scorecardresearch Skip to main content

Charitable giving goes high tech

Local companies tap convenience of Web to encourage donations to charities

In a high-tech world, charity remains solidly low-tech. When donations are made in this month of giving, they often arrive in the form of a handwritten check, stuffed in an envelope, and sent via snail mail.

But a handful of local tech companies and small start-ups are tapping into a burgeoning appetite on the Web for doing good. They run Internet auctions for causes, use Twitter and Facebook to spur giving, and find pro bono help for Massachusetts nonprofits and social enterprises. With the reach and ease of the Web, anyone in the world can potentially fund a playground project in Roxbury or instantly donate to the American Red Cross when a disaster hits.


Online giving has risen sharply in recent years, hitting $22 billion in 2010, a 34 percent jump over 2009. It is already up 11 percent year over year for October, according to Blackbaud Inc., a South Carolina company that makes fund-raising software and tracks charitable giving. What’s more, Blackbaud found that online donors tend to be more generous. Their average gift is $62 rather than $32.

“It’s clear that fund-raising has changed,’’ said Steve MacLaughlin, Blackbaud’s director of Internet solutions. “There’s been a shift in the tech world of people who want to do socially good, who want to have more direct impact,’’ he said. “That is very different from what we’ve seen in the past.’’

Cauzoom is part of that shift. The Cambridge start-up founded by Michael Sattler this year gives community organizations a Web platform to raise money and offers individual donors a menu of projects, which range from helping Boston public schools purchase life jackets for a sailing club to stocking refrigerators in Maine for military families.

“This is how I want to invest in my world, and I think there are a lot of other people out there like that,’’ said Sattler. “I live in Belmont, and I want to invest in my community. I want to be able to select the causes that mean the most to me.’’


The Web is enabling that kind of individualized giving and peer-to-peer donations, and allowing smaller organizations access to a pool of potential donors that once would have taken expensive advertising or direct mail campaigns to reach.

Courtney White, a volunteer at the Boston Center for Refugee Health and Human Rights, started a Cauzoom project to buy Charlie Cards for her organization’s clients. She wants to raise $1,500 in 30 days to purchase 75 passes. As of yesterday afternoon, she was $460 away from her goal. “The advantage of it is the ease,’’ said White. “One, two clicks, and you’re there.’’

Still, the vast majority of philanthropy happens off the Internet. Technology hasn’t found a replacement for lavish fund-raising dinners or building personal relationships with wealthy contributors. In 2010, online giving represented just 7 percent of the total $291 billion given to charities. Big nonprofit organizations - the household names like the United Way - raise their money through direct mail or traditional annual campaigns. And while the amount online donors are willing to give is increasing, few donors will give million-dollar gifts via the Web.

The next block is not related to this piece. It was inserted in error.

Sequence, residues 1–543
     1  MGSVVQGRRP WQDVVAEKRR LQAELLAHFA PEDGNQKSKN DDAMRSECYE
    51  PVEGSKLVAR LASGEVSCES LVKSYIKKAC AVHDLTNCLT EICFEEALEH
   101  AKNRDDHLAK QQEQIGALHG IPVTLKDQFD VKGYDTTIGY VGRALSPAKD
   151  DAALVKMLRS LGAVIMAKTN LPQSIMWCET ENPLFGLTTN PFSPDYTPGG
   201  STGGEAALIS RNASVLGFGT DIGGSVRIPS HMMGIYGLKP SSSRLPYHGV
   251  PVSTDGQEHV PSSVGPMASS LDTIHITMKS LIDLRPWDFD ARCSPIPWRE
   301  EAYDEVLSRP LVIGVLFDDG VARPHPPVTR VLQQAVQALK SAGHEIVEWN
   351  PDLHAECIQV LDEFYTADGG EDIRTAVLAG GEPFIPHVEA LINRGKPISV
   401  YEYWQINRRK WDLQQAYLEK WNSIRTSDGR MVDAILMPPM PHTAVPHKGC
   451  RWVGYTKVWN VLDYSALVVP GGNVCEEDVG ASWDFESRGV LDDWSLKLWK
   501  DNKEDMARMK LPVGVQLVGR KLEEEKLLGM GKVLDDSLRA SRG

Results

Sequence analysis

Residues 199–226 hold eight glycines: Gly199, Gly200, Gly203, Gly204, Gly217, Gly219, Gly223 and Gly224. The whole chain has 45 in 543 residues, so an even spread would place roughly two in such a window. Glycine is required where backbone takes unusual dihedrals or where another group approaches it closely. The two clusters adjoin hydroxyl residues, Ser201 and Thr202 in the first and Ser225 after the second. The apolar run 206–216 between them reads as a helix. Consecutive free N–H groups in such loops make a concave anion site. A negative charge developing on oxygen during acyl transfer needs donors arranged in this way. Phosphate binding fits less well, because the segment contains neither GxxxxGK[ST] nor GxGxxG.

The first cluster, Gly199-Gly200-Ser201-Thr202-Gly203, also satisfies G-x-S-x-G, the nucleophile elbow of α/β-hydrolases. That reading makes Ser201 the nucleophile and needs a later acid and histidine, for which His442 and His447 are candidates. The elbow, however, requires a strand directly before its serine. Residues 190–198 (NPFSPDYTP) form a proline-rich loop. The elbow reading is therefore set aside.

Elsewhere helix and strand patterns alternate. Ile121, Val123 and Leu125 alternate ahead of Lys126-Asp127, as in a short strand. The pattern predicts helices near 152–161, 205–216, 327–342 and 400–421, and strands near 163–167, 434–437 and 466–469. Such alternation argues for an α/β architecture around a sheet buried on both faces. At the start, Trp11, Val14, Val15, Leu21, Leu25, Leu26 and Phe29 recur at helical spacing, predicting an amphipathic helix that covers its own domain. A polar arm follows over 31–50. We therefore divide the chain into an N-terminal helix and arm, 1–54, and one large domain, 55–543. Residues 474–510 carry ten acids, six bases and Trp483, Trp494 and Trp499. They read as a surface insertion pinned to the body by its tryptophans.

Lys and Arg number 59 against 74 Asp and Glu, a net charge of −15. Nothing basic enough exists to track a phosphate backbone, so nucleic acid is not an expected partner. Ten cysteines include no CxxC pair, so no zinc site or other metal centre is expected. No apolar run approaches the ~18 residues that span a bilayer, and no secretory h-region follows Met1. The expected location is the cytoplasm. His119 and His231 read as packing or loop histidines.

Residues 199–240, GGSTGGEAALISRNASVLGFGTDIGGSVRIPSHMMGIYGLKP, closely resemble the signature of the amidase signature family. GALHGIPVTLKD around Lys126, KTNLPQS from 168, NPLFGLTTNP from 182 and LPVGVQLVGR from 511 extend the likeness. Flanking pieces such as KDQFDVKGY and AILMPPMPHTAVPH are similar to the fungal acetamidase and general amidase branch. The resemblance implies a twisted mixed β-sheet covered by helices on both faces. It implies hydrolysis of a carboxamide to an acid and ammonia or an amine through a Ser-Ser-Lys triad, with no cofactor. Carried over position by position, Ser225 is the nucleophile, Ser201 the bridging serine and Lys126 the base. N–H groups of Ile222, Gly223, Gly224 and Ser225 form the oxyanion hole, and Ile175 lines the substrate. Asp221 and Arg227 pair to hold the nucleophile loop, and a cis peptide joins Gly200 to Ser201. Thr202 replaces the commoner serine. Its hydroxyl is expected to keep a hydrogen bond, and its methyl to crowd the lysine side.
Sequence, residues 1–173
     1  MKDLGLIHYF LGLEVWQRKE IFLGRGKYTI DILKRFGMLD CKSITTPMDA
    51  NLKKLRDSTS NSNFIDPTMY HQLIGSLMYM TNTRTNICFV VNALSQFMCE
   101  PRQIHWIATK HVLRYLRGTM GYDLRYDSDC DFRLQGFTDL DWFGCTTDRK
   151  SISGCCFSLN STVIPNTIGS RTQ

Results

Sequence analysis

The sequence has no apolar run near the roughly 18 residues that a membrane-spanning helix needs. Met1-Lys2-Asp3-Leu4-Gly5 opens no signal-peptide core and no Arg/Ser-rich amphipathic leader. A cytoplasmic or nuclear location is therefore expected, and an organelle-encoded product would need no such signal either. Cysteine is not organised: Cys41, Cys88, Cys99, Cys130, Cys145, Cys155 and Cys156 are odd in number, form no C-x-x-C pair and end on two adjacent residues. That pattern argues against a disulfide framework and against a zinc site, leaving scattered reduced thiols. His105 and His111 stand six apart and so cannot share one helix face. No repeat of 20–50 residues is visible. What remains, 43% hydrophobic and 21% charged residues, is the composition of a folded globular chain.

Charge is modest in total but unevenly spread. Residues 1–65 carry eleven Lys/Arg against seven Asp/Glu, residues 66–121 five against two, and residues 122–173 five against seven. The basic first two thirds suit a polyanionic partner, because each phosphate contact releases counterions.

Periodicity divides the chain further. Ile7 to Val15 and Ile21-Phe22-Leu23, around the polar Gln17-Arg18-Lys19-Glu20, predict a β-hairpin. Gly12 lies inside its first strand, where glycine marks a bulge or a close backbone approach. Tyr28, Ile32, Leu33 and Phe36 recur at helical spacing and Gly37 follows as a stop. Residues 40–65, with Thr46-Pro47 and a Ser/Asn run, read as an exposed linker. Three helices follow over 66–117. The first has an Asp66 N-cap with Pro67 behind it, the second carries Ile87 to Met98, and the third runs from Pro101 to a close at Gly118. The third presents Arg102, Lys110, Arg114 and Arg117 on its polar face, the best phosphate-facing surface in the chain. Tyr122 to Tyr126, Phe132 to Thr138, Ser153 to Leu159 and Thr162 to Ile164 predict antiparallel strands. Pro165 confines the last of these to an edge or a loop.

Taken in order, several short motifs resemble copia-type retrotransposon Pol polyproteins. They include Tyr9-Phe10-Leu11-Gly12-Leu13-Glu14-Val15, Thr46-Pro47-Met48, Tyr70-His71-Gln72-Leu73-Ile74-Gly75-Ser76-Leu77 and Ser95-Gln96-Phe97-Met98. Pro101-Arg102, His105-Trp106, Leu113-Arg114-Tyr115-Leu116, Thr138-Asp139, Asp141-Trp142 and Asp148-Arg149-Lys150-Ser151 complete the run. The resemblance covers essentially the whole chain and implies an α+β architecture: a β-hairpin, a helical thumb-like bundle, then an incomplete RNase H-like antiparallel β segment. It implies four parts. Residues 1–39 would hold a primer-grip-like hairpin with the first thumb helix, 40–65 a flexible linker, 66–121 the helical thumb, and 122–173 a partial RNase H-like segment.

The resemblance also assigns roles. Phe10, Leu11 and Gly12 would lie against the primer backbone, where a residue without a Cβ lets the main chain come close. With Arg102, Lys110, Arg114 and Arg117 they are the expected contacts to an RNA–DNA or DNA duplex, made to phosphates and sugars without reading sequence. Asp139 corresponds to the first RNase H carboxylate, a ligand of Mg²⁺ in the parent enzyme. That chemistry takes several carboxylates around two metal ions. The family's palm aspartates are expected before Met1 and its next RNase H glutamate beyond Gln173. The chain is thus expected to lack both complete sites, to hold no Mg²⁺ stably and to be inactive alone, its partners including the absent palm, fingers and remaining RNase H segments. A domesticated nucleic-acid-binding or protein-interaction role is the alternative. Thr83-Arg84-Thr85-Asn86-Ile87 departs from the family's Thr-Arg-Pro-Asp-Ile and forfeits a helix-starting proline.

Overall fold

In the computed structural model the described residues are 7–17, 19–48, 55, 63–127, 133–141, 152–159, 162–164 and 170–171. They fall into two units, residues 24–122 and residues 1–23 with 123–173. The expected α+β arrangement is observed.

Still, Jon Carson has helped charities raise $137 million since he started BiddingForGood Inc. in Cambridge in 2003. “My little piece of the solution is working a different bucket, which is household discretionary spending,’’ he said.


He took an eBay approach to fostering philanthropy by bringing the charity auction online, giving groups - from schools to art museums - the ability to find wider audiences for their fund-raising auctions.

But the sites looking to tap the do-gooder spirit that is happening online this time of year, when Web donations are at their highest, aren’t just looking for dollars. They also want time.

“When the holiday season comes around, we always think what are we going to get. We want to reframe it around what we are going to give,’’ said Rachael Chong, chief executive of Catchafire, a Web start-up that matches social enterprises and nonprofits with professionals who want to volunteer specific skills for pro bono. It launched in Boston last month and so far has signed up about 40 professionals.

The idea, Chong said, is to give nonprofits access to high quality talent while giving professionals “an experience where they can give and understand how much impact they can have in the world.’’

MacLaughlin, of Blackbaud, suggests that the emergence of this new socially conscious Web ecosystem is having an impact on established nonprofit groups. They are certainly active on Facebook and Twitter and are the recipients of much of the online good will.

But the nonprofit sector has been traditionally slow moving.

“There are decades and decades of processes and systems that are in place . . . that are tried and true that raise billions of dollars,’’ said MacLaughlin. “Why do they still send millions of pieces of direct mail? Because they raise billions and billions of dollars doing so.’’


Michael B. Farrell can be reached at